Roger Williams: King Philip's War

Pilgrims marching

Roger Williams had won the respect of his Colonial English neighbors for his diplomatic skill in keeping the economically and militarily powerful Narragansett on friendly terms with local English settlers. But relations between Plymouth Colony and the Wampanoag deteriorated over the same period. By the 1670s the appropriation of Indian land by the English and a series of hostile incidents between the Wampanoag sachem King Philip (Metacom) and the Plymouth Colony resulted in the devastating conflict known as King Philip’s War. When the war broke out in June of 1675, King Phillip sent the old men, women, and children of the tribe across Narragansett Bay to live safely with the Narragansett. These refugees would play a roll in the expansion of this war.

The Narragansett had maintained their neutrality during the early months of King Phillip’s War at the urging of Roger Williams. In October of 1675 with Roger’s help, the Narragansett signed a treaty of neutrality with the Massachusetts Bay Colony promising they would not join with Phillip. After the signing, the authorities in Boston demanded that the Narragansett turn over Wampanoag refugees as hostages. The Narragansett considered this demand but could not betray the safety of those who had sough refuge with them. The Narragansett answer to the English in Boston was “Not a Wampanoag nor the paring of a Wampanoag’s nail.” The Narragansett would not turn over these refugees.

Fearing an alliance between the Narragansett and the Wampanoag, the English assembled a force of approximately 1000 soldiers and mercenaries from Massachusetts Bay, Plymouth, and Hartford and invaded Rhode Island. In doing so, they violated Rhode Island’s Charter:

And it is hereby declared, that it shall not bee lawfull to or for the rest of the Collonies to invade or molest the native Indians, or any other inhabittants, inhabiting within the bounds and lymitts hereafter mentioned (they having subjected themselves unto us. and being by us taken into our speciall protection), without the knowledge and consent of the Governour and Company of our Collony of Rhode-Island and Providence Plantations.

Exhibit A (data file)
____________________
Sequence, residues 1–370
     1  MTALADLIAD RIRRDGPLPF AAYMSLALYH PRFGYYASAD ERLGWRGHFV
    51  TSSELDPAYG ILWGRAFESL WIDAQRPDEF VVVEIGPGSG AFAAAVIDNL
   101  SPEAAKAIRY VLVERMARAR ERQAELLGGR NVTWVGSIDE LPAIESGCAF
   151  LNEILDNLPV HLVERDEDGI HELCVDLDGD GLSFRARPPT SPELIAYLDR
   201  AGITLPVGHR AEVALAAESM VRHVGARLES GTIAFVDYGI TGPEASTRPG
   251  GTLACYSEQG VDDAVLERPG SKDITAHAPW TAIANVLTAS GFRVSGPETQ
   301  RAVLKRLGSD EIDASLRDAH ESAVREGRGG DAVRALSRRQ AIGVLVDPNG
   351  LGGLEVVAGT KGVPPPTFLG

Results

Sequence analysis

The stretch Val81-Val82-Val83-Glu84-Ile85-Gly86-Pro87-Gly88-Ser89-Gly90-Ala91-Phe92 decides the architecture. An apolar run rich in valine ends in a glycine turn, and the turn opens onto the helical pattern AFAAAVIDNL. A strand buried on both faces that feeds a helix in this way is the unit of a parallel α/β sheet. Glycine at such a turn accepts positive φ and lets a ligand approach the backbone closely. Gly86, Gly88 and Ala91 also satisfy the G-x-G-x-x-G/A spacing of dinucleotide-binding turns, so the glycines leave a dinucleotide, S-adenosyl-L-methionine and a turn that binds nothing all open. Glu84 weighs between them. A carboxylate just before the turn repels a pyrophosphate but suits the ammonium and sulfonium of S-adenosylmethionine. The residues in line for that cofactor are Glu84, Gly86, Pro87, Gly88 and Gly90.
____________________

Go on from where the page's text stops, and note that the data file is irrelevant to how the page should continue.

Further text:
Known as the United Colonies, this group attacked the Narragansett's principal winter settlement in the Great Swamp (South Kingstown) in December, 1675. The Great Swamp Fight, or Massacre as it is sometimes called, cost the lives of three hundred Native American men and almost four hundred women and children. This attack pushed the Narragansett into joining forces with the Phillip and the Wampanoag.

Recovering, the Narragansett launched an offensive in the spring of 1676. Canonchet, the war leader of the Narragansett, organized a large army of almost 2000 warriors in southern Rhode Island. He then went into central Massachusetts and organized another large army of almost 1500 warriors from several tribes, uniting them all against the English. This army in Massachusetts marched east and forced the abandonment of most of the English settlements in central Massachusetts. The southern army began marching north along the coast, where most of the English had settled. The towns of Wickford, Warwick, and Pawtuxet were burned along with almost all of the mainland settlements and farms on the western side of Narragansett Bay. On March 26 a large war party led by chief sachem Canonchet destroyed a company of approximately sixty-five Englishmen soldiers and twenty Indian allies led by Captain Michael Pierce along the Blackstone River in present-day Central Falls. Days later the Narragansett converged upon Providence.

Roger went out to meet with the leaders of this army. Their discussions began with Roger scolding the Narragansett for becoming involved in the war. When this led nowhere, he attempted to bluff the Narragansett by saying they were not good fighters, and that 100 English could hold them off. His bluff was called when the Narragansett accepted a face off between 100 English and 100 Narragansett. He reacted by doing what he was known to do best, negotiate. He asked for the Narragansett to give him their demands. He proposed to write them down and send them to Boston by runner so that the death and destruction could end. The Narragansett rejected his proposal and burned Providence.

Even with the neutrality treaty, the English had attacked the Narragansett. With the loss of life that followed, the Narragansett felt they could no longer afford to trust the word of any of the English. With most of his town aflame, Roger turned to walk away. He was warned by the Narragansett that there were some young braves on his side of the river that might ‘do him some mischief,’ and he could safely return to the blockhouse by walking along the waters edge.


Last updated: February 26, 2015

Park footer

Contact Info

Mailing Address:

282 North Main Street
Providence, RI 02903


401-521-7266 x207
We appreciate your patience as we work to respond to your inquiry. Please expect a response within 1-2 business days. Thank you for your understanding!

Contact Us